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Hong Kong Film Festival features new films by Jia Zhangke, Zhao Liang, Xu Tong, and Yu Guangyi

Shattered (dir. Xu Tong)

The 35th Hong Kong International Film Festival begins March 20th and runs to April 5th. We’re pleased to see that several films from directors who have films in the dGenerate catalog will be presenting new works, including some world premieres like Yu Guangyi’s Bachelor Mountain and Xu Tong’s Shattered. More information on these films, and a list of other Chinese films screening at HKIFF, after the break.

dir. YU Guangyi (director of Timber Gang) “‘Guanggun’ is a trendy Chinese observance that celebrates being single, but Yu Guangyi’s latest doc sees bachelorhood as something much more complicated. Returning to the snowbound logging region of Survival Song and Timber Gang, Yu again documents the struggles – and modest pleasures – of a dying town and its people. In China’s remote north, the women abandon the village for city jobs. With only men, the elderly and the children remaining, the village faces a fundamental fight for survival beyond a changing logging industry.”

I Wish I Knew dir. JIA Zhangke (director of Dong) “As he did in 24 City, Jia Zhangke takes a single place as a jumping off point for ruminations on both fiction and reality, past and present – only this time, the place is not a former Chengdu factory, but a city as epic as Shanghai. Jia’s frequent muse Zhao Tao wanders the urban landscape in its buildup to the Expo as a thread connecting interviews with key figures and archival footage. The result is a portrait of a metropolis working its way through the trauma of history toward an anxious future.”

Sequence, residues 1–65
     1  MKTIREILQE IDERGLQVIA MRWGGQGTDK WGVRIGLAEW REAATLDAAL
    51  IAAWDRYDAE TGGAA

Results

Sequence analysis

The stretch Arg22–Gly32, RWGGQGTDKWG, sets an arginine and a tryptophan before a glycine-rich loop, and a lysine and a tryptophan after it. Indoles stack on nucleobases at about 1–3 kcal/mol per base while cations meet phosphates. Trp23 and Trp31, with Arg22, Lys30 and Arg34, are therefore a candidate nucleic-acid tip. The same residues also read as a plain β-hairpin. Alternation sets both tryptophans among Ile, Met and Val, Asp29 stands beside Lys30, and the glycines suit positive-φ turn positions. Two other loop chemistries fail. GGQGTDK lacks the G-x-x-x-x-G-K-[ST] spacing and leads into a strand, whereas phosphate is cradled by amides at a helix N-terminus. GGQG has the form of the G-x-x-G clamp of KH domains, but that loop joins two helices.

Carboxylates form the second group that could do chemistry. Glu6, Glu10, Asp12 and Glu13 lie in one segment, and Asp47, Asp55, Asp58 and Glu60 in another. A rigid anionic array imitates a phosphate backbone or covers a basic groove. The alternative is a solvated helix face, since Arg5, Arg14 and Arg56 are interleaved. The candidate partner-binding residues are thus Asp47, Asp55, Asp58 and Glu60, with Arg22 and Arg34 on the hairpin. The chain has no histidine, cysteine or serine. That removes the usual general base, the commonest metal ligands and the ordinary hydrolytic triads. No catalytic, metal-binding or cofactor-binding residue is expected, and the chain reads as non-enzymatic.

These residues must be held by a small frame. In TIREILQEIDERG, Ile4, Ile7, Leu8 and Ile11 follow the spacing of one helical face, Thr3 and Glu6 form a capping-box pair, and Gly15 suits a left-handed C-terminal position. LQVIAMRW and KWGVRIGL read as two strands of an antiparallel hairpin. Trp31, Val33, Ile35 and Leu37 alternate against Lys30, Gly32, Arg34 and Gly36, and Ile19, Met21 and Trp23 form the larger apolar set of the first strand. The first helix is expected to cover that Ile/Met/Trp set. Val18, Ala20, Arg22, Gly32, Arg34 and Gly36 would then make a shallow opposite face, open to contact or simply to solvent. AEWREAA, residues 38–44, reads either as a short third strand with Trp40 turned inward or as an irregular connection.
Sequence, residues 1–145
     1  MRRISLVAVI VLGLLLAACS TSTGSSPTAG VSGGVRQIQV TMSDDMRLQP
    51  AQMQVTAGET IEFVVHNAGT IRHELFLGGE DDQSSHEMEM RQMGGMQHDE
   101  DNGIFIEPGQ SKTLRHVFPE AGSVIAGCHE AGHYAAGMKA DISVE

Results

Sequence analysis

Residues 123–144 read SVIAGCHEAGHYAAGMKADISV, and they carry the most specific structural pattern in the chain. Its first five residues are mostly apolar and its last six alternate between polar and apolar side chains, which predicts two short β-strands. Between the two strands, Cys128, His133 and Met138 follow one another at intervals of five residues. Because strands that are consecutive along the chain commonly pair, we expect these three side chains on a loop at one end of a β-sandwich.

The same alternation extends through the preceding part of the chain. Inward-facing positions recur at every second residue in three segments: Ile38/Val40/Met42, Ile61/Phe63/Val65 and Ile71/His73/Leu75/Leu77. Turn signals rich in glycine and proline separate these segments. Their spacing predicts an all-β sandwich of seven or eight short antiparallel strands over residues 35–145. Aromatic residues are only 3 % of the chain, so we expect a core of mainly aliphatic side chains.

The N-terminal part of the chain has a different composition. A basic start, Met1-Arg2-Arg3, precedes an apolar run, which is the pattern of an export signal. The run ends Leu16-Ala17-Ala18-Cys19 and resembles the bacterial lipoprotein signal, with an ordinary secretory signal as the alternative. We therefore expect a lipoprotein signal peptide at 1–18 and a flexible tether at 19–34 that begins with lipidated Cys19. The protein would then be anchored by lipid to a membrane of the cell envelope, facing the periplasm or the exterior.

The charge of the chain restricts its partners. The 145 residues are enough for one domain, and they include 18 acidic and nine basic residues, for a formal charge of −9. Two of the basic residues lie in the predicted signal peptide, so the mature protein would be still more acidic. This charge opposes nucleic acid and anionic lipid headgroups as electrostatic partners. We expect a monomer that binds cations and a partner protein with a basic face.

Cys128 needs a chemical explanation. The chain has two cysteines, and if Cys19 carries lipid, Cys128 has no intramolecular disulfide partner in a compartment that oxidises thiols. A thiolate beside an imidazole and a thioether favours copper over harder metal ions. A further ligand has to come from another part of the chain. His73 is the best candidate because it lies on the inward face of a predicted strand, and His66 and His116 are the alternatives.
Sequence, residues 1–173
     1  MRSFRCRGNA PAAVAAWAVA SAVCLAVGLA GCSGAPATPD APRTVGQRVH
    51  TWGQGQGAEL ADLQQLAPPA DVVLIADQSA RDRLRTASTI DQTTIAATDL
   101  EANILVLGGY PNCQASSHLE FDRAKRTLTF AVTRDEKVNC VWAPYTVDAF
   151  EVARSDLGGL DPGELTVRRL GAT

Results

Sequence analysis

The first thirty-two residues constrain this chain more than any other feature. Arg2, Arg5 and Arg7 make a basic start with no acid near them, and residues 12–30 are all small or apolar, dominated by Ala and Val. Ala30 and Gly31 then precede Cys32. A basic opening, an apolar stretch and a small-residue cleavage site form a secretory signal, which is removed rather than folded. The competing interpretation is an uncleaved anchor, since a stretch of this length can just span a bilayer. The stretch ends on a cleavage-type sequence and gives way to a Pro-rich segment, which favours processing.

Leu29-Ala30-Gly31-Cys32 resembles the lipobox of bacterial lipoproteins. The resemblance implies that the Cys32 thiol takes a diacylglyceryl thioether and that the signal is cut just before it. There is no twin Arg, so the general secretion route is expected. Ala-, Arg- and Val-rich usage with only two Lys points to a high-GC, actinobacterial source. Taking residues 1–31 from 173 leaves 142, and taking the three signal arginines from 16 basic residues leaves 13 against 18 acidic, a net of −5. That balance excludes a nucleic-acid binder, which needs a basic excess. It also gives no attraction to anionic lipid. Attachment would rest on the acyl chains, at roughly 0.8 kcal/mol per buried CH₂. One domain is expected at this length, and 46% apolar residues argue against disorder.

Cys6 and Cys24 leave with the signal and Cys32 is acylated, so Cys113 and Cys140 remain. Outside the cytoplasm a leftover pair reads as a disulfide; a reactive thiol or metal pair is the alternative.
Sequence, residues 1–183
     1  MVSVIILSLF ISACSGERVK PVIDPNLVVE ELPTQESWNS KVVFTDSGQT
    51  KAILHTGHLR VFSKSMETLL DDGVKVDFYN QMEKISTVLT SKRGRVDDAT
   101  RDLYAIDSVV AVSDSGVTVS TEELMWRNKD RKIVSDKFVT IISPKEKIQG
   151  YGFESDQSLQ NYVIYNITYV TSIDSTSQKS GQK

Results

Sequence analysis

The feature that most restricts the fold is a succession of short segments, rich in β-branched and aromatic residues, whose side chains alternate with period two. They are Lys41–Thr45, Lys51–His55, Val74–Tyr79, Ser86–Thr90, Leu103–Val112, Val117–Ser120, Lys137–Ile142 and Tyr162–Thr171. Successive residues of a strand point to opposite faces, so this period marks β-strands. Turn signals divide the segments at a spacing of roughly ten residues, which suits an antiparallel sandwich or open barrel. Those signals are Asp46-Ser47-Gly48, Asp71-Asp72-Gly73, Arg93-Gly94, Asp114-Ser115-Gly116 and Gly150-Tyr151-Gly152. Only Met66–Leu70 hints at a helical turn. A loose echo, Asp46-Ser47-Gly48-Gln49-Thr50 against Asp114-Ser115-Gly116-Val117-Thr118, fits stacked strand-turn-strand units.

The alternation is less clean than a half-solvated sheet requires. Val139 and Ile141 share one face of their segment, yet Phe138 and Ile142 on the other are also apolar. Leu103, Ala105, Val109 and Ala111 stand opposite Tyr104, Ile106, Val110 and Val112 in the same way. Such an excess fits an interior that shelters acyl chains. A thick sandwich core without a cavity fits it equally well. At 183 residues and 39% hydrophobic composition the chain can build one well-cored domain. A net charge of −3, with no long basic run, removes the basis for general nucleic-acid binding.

Shattered dir. XU Tong (director of Fortune Teller) “China’s modern history is filtered through the life of 80-year old Heilongjiang native Old Man Tang and his scattered family in Xu Tong’s intimate and interactive doc. Notable are his felonious, albeit devoted, daughter Caifeng’s scornful dismissal of the Party and son Yihong’s contrarian independence. They stand in stark, generational contrast to their father’s beliefs – beliefs that may or may not have influenced his parental decisions. Engaging and infuriating, unflattering and enlightening, Shattered puts one family in China’s larger developmental context.”

Together dir. ZHAO Liang (director of Crime and Punishment) “Intended as a companion piece to Gu Changwei’s Til Death Do Us Apart, Together transcends the making-of format to compassionately present a case for HIV-positive people in mainland China. Director Zhao Liang, whose Petition won the Humanitarian Award for Best Documentary last year, situates the plight of real-life AIDS patients inside the framework of Gu’s fiction film, where certain cast or crew members are afflicted with the disease. An unabashed call for acceptance and tolerance, Together derives its power from its very idealism: that we are all in this together.”

Yulu dir. JIA Zhangke and others

“Jia Zhangke gathered 6 young directors to make a dozen short films about 12 outstanding young people in present-day CHina. Among them are artists, an investigative reporter, an environmentalist, even an entrepreneur (in real estate, naturally), all under 40, and all living a life they want. On one level the series trumpets the arrival of a generation of ‘New Chinese’, successful people doing their own things and being mighty happy about it. On another level it is an unintended yet most apt and wry commentary on Andy Warhol’s great prophecy: ‘In the future everybody will be famous for fifteen minutes.'”

Other contemporary Chinese directors whose films will be shown at the 35th Hong Kong International Film Festival are Li Hongqi (Are We Really So Far from the Mad House?, Winter Vacation), Heiwark Mak (beside(s), happiness), Li Yu (Buddha Mountain), Wang Xiaoshuai (Chongqing Blues), Johnnie To (Don’t Go Breaking My Heart), Chen Hung-I (Honey PuPu), Wang Bing (Man with No Name, The Ditch), Felix Chong (Once a Gangster), Cheung King-wai (One Nation, Two Cities), Liu Jian (Piercing I), Law Wing-cheong (Punished), Teng Yung-shing (Return Ticket), Chen Kaige (Sacrifice), Hao Jie (Single Man), Dante Lam (The Stool Pigeon), Ruby Yang (The Warriors of Qiugang), Chang Tso-chi (When Love Comes).


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